If the pope's words made an impact, so did the man himself. Thousands waited for hours to gain a glimpse of the pontiff as he travelled by in a fast-moving popemobile. Others who met him face to face will never forget the experience.
Nurse Colleen Lazaruk was elated about shaking the pope's hand before the Mass in Edmonton. "It was so cold outside and his hand was so warm," she said.
Ontario Deacon Daniel Dauvin, his wife Mary and their four children slept beside the altar the night before the papal Mass in Edmonton.
"The Church has been in an ice age of conservatism and the pope's coming to Canada will help open the Church here to new ways of worship and expressing our faith," Dauvin said.
Even the irrepressibly secular Globe and Mail was moved by the papal visit.
All Canadians, religious or not, "listened intently to this man - wanted to listen," The Globe said in an editorial. His prayer was more than Christian - "it was a communion before the mystery of existence."
Canadians' sense of community grew through the papal visit and we saw more clearly that the spiritual is at the core of all that is human, the newspaper said.
Plans for the visit began in 1981 when Pope John Paul accepted an invitation from Edmonton Archbishop Joseph MacNeil, then president of the Canadian Conference of Catholic Bishops, to come to Canada. MacNeil urged the pope to make it a 12-day visit, longer than he had visited any country. While the Vatican was reluctant, the pope agreed.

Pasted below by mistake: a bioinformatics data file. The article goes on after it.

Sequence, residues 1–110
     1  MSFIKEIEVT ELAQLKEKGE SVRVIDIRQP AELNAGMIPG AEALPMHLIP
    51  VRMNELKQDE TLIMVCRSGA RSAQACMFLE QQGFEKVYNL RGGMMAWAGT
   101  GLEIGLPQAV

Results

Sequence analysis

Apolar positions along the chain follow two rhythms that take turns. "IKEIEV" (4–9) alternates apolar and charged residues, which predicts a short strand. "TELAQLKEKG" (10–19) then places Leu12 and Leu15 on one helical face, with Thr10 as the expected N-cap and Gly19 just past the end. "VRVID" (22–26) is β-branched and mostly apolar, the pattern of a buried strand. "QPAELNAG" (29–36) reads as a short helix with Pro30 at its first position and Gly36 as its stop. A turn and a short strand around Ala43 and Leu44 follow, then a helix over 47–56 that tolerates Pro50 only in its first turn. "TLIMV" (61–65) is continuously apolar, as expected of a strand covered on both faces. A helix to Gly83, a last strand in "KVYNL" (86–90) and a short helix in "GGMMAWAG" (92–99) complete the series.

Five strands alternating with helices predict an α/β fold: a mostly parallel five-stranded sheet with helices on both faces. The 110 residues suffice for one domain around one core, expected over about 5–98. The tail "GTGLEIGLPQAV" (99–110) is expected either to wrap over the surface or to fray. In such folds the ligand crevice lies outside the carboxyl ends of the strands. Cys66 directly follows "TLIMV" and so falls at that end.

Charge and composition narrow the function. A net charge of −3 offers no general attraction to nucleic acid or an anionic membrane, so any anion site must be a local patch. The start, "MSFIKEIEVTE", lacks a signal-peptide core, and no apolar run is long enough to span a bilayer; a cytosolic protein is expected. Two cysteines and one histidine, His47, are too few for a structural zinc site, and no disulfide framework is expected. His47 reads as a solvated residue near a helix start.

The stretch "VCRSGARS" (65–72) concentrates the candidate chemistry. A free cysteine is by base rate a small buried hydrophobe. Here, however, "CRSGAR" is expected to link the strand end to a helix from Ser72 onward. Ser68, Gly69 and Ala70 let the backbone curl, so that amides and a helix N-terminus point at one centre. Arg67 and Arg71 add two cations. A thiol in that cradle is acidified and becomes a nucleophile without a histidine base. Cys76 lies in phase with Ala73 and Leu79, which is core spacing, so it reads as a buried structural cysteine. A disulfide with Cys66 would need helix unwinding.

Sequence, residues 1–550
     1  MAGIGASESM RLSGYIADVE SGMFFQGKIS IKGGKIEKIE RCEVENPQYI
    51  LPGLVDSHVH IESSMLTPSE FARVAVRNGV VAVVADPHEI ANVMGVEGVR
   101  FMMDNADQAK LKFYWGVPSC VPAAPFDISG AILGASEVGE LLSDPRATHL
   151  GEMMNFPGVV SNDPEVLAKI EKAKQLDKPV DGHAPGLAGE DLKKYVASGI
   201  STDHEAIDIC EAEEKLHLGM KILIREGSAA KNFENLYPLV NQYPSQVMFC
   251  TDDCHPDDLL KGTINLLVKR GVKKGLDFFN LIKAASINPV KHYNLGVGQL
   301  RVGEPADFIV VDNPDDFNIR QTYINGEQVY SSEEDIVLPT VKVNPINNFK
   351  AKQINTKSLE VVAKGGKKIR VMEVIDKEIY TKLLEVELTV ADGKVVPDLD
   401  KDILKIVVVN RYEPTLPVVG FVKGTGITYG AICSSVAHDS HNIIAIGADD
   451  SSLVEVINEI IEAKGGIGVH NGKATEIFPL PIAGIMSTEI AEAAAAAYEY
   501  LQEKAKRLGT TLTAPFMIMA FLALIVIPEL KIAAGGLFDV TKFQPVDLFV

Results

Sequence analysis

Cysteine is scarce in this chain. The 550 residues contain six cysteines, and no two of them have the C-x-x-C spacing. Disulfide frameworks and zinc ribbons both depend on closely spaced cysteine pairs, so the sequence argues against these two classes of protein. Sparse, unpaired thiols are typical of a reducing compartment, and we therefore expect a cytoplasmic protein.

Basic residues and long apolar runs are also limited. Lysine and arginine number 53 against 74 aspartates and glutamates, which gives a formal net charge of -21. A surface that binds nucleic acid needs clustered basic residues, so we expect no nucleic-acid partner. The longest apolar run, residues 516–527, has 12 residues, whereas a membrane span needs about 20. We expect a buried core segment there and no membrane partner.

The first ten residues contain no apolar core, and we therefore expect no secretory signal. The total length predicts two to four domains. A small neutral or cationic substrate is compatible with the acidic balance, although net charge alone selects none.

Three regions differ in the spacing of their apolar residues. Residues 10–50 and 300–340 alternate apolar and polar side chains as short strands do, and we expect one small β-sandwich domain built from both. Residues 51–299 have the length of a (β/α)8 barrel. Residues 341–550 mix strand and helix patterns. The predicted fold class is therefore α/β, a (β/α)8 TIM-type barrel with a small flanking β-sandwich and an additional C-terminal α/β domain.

Big, big country
At the end of the Mass in Edmonton - and before an afternoon off at Elk Island National Park - Pope John Paul seemed awed by the country he was visiting. "You ask, perhaps, what is my opinion about Canada? Canada is a big, big country - a continent. It is sometimes windy, sometimes sunny, sometimes rainy and rather windy."
In September 1987, the pope met with 3,500 people for a Mass under a giant tipi at Fort Simpson at the end of a trip to the United States. He told the gathering aboriginal people are entitled to self-government, as well as to the land and resources needed to make it possible.
An extensive process of pastoral preparation preceded the pope's 2002 WYD visit to Toronto. The WYD Pilgrim Cross travelled across Canada and gave hundreds of thousands of youth and young adults an opportunity to bear witness to their faith on their home ground.
An estimated 800,000 people - the largest crowd ever to attend a public event in Canada - were at the closing WYD Mass in Toronto to hear the pope tell the receptive youth the world "desperately needs a new sense of brotherhood and human solidarity."
"I have rarely seen such joy, such a sense of celebration, such faith," Calgary Bishop Frederick Henry gushed about the five-day celebration.
Two thousand Alberta youth, including 1,000 from the Edmonton Archdiocese, attended the Toronto WYD. The pope, frail and his once-boundless energy now eroding, was still the star attraction.
"The pope is a great role model for everyone because in spite of his sickness and fragility he came to celebrate with us," said Andrew Heikkila of Edmonton. "Seeing the pope was probably one of the most amazing parts of my life."